Jordan Tanner’s paper was accepted by Anatomical Sciences Education, ranked 3/41 in Medical EducationPublished: Thursday, January 23, 2020
Recent graduate and recipient of the Rennels award for excellence in graduate studies, Jordan Tanner’s paper “A Three‐Dimensional Print Model of the Pterygopalatine Fossa Significantly Enhances the Learning Experience” was accepted by the journal Anatomical Sciences Education. The journal is ranked third among all 41 journals that focus on medical education. It was immediately cited by another paper as well.
“The pterygopalatine fossa is a tiny space in our skull that acts as an important junction for nerves and arteries supplying various head regions. If the pterygopalatine fossa is affected, severe headaches called cluster headaches are felt that affect one side of the head, especially the area around the eyes. Therefore, knowledge of this area is critical for doctors, dentists, and ear, nose, throat specialists” she explained.
The model includes the full skull which can be broken apart into two half skulls. The nerves and arteries are displayed as wires. There are also labeled beads so that students reading the accompanying manual identify the corresponding parts.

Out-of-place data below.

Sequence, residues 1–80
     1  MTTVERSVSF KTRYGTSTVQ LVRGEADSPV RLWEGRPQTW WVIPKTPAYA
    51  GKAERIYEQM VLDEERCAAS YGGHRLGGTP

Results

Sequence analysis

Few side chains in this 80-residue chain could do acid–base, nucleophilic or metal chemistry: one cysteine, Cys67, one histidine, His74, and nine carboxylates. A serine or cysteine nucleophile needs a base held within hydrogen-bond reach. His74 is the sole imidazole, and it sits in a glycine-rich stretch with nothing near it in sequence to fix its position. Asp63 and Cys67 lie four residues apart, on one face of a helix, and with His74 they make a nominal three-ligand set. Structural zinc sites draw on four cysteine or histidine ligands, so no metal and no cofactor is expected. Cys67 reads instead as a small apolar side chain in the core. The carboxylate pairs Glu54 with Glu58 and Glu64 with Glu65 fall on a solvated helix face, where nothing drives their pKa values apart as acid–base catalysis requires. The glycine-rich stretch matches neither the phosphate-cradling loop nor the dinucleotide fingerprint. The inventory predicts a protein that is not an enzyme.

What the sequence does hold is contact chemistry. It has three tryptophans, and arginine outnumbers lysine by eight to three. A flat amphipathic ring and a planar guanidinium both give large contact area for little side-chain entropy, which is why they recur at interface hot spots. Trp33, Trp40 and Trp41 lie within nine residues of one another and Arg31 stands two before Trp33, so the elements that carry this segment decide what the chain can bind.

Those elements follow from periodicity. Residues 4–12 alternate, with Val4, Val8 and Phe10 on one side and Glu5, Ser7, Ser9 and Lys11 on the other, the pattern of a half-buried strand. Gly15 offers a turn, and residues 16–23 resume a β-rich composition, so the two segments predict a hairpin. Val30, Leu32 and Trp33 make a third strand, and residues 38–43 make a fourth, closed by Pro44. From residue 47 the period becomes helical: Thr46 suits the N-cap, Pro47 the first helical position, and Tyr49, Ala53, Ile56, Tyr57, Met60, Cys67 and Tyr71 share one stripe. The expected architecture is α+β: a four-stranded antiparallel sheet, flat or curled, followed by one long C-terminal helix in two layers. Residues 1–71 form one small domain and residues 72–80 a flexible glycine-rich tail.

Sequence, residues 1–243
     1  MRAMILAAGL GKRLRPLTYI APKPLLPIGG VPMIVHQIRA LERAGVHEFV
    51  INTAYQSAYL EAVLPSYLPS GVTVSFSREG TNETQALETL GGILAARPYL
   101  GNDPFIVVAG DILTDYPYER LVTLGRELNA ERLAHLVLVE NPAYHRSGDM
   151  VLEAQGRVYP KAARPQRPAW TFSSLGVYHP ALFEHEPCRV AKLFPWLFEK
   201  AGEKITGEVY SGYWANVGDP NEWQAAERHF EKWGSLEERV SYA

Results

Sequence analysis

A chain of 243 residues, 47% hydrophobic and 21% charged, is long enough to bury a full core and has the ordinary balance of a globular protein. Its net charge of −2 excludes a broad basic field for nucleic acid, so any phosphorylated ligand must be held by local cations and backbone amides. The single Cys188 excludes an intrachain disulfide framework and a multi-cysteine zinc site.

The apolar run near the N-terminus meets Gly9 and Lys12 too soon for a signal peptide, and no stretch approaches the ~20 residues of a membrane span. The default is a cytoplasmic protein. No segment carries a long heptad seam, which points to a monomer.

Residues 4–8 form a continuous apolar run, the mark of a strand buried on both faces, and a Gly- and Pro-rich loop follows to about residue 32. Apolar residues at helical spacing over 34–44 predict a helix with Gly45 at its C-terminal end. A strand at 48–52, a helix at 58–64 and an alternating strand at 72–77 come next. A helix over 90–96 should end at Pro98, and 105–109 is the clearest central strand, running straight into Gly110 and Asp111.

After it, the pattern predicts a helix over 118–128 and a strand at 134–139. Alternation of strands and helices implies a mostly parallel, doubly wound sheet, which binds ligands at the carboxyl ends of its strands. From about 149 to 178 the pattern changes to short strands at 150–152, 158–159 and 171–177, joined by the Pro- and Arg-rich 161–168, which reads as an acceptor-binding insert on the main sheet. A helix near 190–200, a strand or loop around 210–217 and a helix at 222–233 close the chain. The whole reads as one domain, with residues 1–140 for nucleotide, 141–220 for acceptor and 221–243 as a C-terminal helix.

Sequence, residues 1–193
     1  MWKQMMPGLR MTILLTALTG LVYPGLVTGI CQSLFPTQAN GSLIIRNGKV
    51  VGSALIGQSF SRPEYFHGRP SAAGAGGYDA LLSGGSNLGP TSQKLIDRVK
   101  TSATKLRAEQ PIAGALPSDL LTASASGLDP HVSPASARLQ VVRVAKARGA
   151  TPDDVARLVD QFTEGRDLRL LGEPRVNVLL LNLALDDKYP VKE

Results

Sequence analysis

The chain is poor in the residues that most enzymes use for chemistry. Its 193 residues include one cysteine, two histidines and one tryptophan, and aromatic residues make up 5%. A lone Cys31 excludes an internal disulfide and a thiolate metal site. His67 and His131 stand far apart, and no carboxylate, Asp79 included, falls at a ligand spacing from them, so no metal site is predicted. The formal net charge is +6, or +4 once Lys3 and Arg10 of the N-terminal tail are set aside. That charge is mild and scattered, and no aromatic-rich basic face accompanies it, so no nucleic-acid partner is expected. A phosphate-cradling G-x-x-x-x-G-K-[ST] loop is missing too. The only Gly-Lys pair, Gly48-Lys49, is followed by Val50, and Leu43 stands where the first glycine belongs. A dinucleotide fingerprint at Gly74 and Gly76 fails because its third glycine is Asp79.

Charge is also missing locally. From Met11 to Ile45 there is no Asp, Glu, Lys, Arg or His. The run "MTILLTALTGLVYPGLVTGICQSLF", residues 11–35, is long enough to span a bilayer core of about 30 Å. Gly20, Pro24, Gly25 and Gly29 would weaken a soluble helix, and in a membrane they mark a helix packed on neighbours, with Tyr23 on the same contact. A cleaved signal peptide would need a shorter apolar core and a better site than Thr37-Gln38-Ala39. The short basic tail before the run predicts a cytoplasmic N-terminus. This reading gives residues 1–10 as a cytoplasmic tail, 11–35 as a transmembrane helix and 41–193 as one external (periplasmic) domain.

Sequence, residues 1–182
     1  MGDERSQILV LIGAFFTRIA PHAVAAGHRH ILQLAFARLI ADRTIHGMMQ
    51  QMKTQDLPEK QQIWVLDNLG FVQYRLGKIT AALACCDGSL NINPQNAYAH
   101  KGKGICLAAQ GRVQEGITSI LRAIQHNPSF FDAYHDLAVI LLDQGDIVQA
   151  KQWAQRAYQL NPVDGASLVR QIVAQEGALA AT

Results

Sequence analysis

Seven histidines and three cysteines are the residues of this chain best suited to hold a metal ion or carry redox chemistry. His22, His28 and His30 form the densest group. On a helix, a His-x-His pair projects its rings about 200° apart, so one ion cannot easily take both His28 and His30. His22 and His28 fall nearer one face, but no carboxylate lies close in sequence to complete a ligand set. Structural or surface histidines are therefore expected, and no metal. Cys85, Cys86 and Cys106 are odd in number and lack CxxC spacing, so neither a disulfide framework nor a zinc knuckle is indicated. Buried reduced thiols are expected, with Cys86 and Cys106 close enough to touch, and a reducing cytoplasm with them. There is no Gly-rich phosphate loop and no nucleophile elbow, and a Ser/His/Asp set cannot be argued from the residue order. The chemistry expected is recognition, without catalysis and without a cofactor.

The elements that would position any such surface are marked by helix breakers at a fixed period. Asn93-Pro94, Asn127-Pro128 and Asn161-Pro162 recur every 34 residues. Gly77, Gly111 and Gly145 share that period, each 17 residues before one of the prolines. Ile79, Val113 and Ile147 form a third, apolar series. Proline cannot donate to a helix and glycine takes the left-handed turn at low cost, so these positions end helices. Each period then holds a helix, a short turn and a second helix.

“The publication is based on my thesis project,” she explained. “The efficacy of the model as a learning tool was tested against the traditional human anatomy skull as a randomized multimodal study.”
During her research, the model was found to significantly improve PPF knowledge in all of the students that were tested. Furthermore, she explained that the students also indicated in qualitative survey that they thoroughly enjoyed learning with the model.
“Overall, it is well-known that the PPF is a difficult area for students to understand and our model is a major step in promoting understanding of this complex space,” she said. “This study also demonstrates the benefits of 3D models in studying anatomy.”
When Tanner learned that her paper was ranked highly, she was very excited.
“I have checked out the paper that cited us, and it was about the benefits of creating patient specific 3D models to better help educate the patient about their disease and help the physician develop specific treatment plans. I am very excited about this because this is one of the benefits of 3D models and it is something I feel passionate about and truly hope can be used more in the future for both student and patient education. A good physician not only needs to heal their patient, but be able to teach them about their diseases. This gives the patient a more active role in their own health and will make them feel more in control of their health care. So it is very exciting and humbling to help contribute further to the discussion of a subject that I feel very passionate about.”
To read more about her project while she was a student, check out the article “Jordan Tanner: My Love For Anatomy.”